10/10-13 Lake Perris, CA @ Desert Daze Festival
10/24 Portland, OR @ Star Theater – Album release show
11/05 San Diego, CA @ Brick By Brick *
11/06 Tucson, AZ @ Club Congress *
11/07 Albuquerque, NM @ Sister *
11/09 Austin, TX @ Barracuda – Levitation Fest – RidingEasy Stage
11/10 Lafayette, LA @ Freetown Boom Boom Room *
11/11 New Orleans, LA @ One Eyed Jacks *
11/12 Atlanta, GA @ 529 *
11/13 Asheville, NC @ Mothlight *
11/14 Richmond, VA @ Camel *
11/15 Baltimore, MD @ Metro Gallery *
11/16 Philadelphia, PA @ First Unitarian Church *
11/17 New York, NY @ Saint Vitus *
11/20 Chicago, IL @ Reggie’s *
11/21 Indianapolis, IN @ Black Circle Brewing *
11/22 St. Louis, MO @ Fubar *
11/23 Lawrence, KS @ The Bottleneck *
11/25 Denver, CO @ Marquis Theater *
11/27 Los Angeles, CA @ Teragram Ballroom *
12/05 Seattle, WA @ Neumos ^
12/06 Eugene, OR @ WOW Hall ^
12/07 Portland, OR @ Bossanova Ballroom ^
# w/ Thou
* w/ Monolord
^ w/ Yob

https://www.facebook.com/blackwaterholylight/
instagram.com/blackwaterholylight
blackwaterholylight.bandcamp.com
ridingeasyrecs.com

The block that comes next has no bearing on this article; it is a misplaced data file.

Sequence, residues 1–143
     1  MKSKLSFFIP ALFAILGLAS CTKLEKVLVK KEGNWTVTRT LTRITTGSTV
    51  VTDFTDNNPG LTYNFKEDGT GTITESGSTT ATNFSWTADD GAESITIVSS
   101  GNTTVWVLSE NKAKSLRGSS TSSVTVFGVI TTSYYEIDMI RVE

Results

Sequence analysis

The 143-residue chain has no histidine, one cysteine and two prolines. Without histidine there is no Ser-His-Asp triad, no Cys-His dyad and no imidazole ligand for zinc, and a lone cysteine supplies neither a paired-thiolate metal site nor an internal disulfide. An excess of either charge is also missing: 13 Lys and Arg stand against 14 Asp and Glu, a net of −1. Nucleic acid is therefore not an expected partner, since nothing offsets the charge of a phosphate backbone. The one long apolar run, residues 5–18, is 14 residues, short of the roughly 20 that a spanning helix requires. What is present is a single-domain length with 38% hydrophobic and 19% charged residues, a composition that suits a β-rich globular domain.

Blackwater Holylight, “Death Realms”

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The Obelisk Show on Gimme Radio Playlist: Episode 21

Posted in Radio on August 16th, 2019 by JJ Koczan

the obelisk show banner

Last time around, I actually managed to post the playlist for The Obelisk Show before Gimme Radio aired it, and I thought that worked pretty well, letting people know what was going to be on and all that. As it stands, I haven’t even had the chance to record the voice breaks yet for this one, but it’ll get done before airtime. Again, lots of new stuff this episode and a lot of it drawn from recent coverage around here, as well as some stuff that will be upcoming, whether it’s V‘s new single or the 20-minute Comacozer track that ends out.

That song and the We Lost the Sea track before it make up the final 35 minutes of the show. I wanted a couple longer tracks this time out, so between those, VMonolordOblivion Reptilian and Hound the Wolves, I feel like we got there. There’s a couple rockers up front with Bison MachineBlackwater Holylight and Lightning Born, but from then on pretty much all bets are off. I never know how that kind of thing will be received by the Gimme listenership, but screw it, I haven’t been fired yet, so I’ll take that for what it tells me. Not much, I suppose.

Dug these songs though. The Lightning BornSleeping Giant and The Black Wizards cuts were standouts from their respective albums, and the new Goatess single was just premiered elsewhere, but I’ll be covering the album too, so wanted to give that a chance to shine here. And a little bit of Crowbar seemed appropriate as I’ve already seen them once this month and plan to do so again before the month is out. Some bands you just can’t get enough.